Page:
Central banks and the International Monetary Fund sold about 94.5 metric tons of gold in the year that ended yesterday, the lowest amount under an agreement that began in 1999, according to data from the World Gold Council.
Eurozone banks disposed of 6.2 tons, led by Germany, Greece and Malta, while the International Monetary Fund sold 88.3 tons. The figure for the eurozone banks was 96 percent below last year’s 142 tons. The data run through Sept. 14 and the first year of the third five-year agreement ended yesterday.
Gold is heading for a 10th consecutive annual advance, the longest winning streak since at least 1920, spurring central banks globally to add the metal to reserves. Combined central bank holdings rose in every quarter since the second quarter of last year, data from the council show.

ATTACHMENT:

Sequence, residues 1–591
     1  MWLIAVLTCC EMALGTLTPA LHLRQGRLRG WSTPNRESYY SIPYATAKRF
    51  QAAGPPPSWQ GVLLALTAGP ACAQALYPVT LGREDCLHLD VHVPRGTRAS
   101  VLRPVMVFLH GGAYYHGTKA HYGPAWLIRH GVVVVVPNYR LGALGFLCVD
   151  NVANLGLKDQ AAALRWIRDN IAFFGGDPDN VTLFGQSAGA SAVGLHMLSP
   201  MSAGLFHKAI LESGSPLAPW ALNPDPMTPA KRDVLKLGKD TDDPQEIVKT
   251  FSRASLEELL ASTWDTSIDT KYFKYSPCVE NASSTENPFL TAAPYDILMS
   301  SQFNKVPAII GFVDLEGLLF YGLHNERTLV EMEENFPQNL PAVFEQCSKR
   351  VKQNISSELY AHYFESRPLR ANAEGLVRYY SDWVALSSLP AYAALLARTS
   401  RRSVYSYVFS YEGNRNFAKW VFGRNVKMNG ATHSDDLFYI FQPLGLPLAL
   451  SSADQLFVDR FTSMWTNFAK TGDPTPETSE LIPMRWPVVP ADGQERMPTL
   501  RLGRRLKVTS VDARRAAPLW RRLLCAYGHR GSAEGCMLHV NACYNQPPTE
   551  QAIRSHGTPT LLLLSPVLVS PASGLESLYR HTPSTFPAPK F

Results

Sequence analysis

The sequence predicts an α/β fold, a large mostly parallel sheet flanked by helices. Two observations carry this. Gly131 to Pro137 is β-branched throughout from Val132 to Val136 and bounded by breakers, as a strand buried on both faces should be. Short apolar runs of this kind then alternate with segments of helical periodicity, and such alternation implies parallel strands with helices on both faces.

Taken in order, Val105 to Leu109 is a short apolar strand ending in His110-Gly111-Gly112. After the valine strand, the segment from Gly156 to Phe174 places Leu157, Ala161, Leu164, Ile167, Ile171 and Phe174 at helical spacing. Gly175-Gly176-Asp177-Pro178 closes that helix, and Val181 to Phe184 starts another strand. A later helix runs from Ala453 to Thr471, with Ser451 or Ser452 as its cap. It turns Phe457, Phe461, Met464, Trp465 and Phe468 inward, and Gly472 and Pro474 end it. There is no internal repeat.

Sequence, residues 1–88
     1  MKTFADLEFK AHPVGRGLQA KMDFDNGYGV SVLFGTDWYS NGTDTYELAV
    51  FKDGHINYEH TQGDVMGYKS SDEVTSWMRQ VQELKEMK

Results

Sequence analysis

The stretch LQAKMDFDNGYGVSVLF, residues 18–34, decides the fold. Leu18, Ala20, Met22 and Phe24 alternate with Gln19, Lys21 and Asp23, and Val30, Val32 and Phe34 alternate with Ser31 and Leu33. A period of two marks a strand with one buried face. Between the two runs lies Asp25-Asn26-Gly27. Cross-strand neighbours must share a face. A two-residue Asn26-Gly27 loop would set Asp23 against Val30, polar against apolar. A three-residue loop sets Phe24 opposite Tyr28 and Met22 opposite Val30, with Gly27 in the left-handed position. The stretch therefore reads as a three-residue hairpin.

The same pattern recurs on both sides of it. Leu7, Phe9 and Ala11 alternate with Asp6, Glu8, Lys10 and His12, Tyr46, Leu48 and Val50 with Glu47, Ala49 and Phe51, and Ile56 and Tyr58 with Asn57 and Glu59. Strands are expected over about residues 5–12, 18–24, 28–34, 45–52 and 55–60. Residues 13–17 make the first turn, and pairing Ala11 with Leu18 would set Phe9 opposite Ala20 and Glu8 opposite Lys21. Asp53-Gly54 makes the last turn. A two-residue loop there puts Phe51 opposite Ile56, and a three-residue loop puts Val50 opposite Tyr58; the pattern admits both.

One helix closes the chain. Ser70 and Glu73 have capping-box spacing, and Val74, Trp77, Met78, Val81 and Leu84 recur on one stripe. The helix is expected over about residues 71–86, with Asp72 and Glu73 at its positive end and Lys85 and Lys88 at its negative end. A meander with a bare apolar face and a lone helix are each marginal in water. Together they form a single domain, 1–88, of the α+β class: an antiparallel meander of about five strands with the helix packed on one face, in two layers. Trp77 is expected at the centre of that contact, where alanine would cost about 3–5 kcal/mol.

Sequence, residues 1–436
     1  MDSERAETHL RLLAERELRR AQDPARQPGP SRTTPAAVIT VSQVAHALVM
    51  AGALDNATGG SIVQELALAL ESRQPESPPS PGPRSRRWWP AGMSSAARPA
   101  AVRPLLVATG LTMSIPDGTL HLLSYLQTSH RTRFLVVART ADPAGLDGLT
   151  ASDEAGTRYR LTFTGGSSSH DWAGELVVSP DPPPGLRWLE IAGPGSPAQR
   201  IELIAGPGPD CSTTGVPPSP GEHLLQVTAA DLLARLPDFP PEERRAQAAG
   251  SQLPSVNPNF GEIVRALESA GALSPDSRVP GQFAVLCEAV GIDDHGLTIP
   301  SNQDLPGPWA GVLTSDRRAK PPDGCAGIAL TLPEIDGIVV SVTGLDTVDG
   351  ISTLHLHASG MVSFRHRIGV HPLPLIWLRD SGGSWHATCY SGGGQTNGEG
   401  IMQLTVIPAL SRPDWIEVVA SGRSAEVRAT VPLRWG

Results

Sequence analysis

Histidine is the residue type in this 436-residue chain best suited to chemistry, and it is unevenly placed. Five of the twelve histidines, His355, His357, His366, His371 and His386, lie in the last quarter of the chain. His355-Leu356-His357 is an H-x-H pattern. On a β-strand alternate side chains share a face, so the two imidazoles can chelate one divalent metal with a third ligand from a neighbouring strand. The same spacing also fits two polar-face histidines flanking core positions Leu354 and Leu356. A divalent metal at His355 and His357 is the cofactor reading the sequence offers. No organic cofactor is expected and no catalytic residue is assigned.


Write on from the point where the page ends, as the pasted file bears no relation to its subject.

The Central Bank Gold Agreement was announced more than a decade ago because of concern that uncoordinated selling was destabilizing the gold market and driving down prices. Gold fell from a then-record $850 an ounce in 1980 to $253.83 in February 2001. It reached a record $1,300.07 on Sept. 24.
Signatories to the latest accord are limited to combined annual sales of 400 tons, down from 500 tons in the previous agreement. Sales under the previous agreement had dwindled to 157 tons by its final year, ending in 2009. Sales by eurozone banks have declined every year since 2006.
The IMF said in September 2009 it would put 403.3 tons of bullion up for sale as part of a plan to shore up its finances and lend at reduced rates to low-income countries.
Members of the current accord are: the European Central Bank, Belgium, Germany, Ireland, Greece, Spain, France, Italy, Luxembourg, Netherlands, Austria, Portugal, Finland, Sweden, Switzerland, Slovenia, Cyprus, Malta and Slovakia.
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